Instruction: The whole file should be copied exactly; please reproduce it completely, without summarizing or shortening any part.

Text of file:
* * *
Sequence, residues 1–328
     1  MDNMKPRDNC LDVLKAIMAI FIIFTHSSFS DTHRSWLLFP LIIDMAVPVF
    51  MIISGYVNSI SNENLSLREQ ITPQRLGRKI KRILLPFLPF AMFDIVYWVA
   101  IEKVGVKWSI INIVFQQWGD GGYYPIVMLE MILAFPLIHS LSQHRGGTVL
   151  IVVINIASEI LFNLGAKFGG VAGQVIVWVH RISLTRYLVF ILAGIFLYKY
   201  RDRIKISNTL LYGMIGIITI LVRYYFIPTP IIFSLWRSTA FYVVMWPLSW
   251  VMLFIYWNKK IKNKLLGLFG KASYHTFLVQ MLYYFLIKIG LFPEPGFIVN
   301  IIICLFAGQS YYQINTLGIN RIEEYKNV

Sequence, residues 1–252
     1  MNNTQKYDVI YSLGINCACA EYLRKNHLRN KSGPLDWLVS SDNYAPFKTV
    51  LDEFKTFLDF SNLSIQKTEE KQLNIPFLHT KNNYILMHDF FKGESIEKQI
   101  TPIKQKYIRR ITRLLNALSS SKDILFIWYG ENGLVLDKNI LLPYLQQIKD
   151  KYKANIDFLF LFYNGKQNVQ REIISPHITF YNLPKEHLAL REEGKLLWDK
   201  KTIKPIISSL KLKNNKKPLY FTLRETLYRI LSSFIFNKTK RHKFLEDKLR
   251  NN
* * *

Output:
Sequence, residues 1–328
     1  MDNMKPRDNC LDVLKAIMAI FIIFTHSSFS DTHRSWLLFP LIIDMAVPVF
    51  MIISGYVNSI SNENLSLREQ ITPQRLGRKI KRILLPFLPF AMFDIVYWVA
   101  IEKVGVKWSI INIVFQQWGD GGYYPIVMLE MILAFPLIHS LSQHRGGTVL
   151  IVVINIASEI LFNLGAKFGG VAGQVIVWVH RISLTRYLVF ILAGIFLYKY
   201  RDRIKISNTL LYGMIGIITI LVRYYFIPTP IIFSLWRSTA FYVVMWPLSW
   251  VMLFIYWNKK IKNKLLGLFG KASYHTFLVQ MLYYFLIKIG LFPEPGFIVN
   301  IIICLFAGQS YYQINTLGIN RIEEYKNV

Sequence, residues 1–252
     1  MNNTQKYDVI YSLGINCACA EYLRKNHLRN KSGPLDWLVS SDNYAPFKTV
    51  LDEFKTFLDF SNLSIQKTEE KQLNIPFLHT KNNYILMHDF FKGESIEKQI
   101  TPIKQKYIRR ITRLLNALSS SKDILFIWYG ENGLVLDKNI LLPYLQQIKD
   151  KYKANIDFLF LFYNGKQNVQ REIISPHITF YNLPKEHLAL REEGKLLWDK
   201  KTIKPIISSL KLKNNKKPLY FTLRETLYRI LSSFIFNKTK RHKFLEDKLR
   251  NN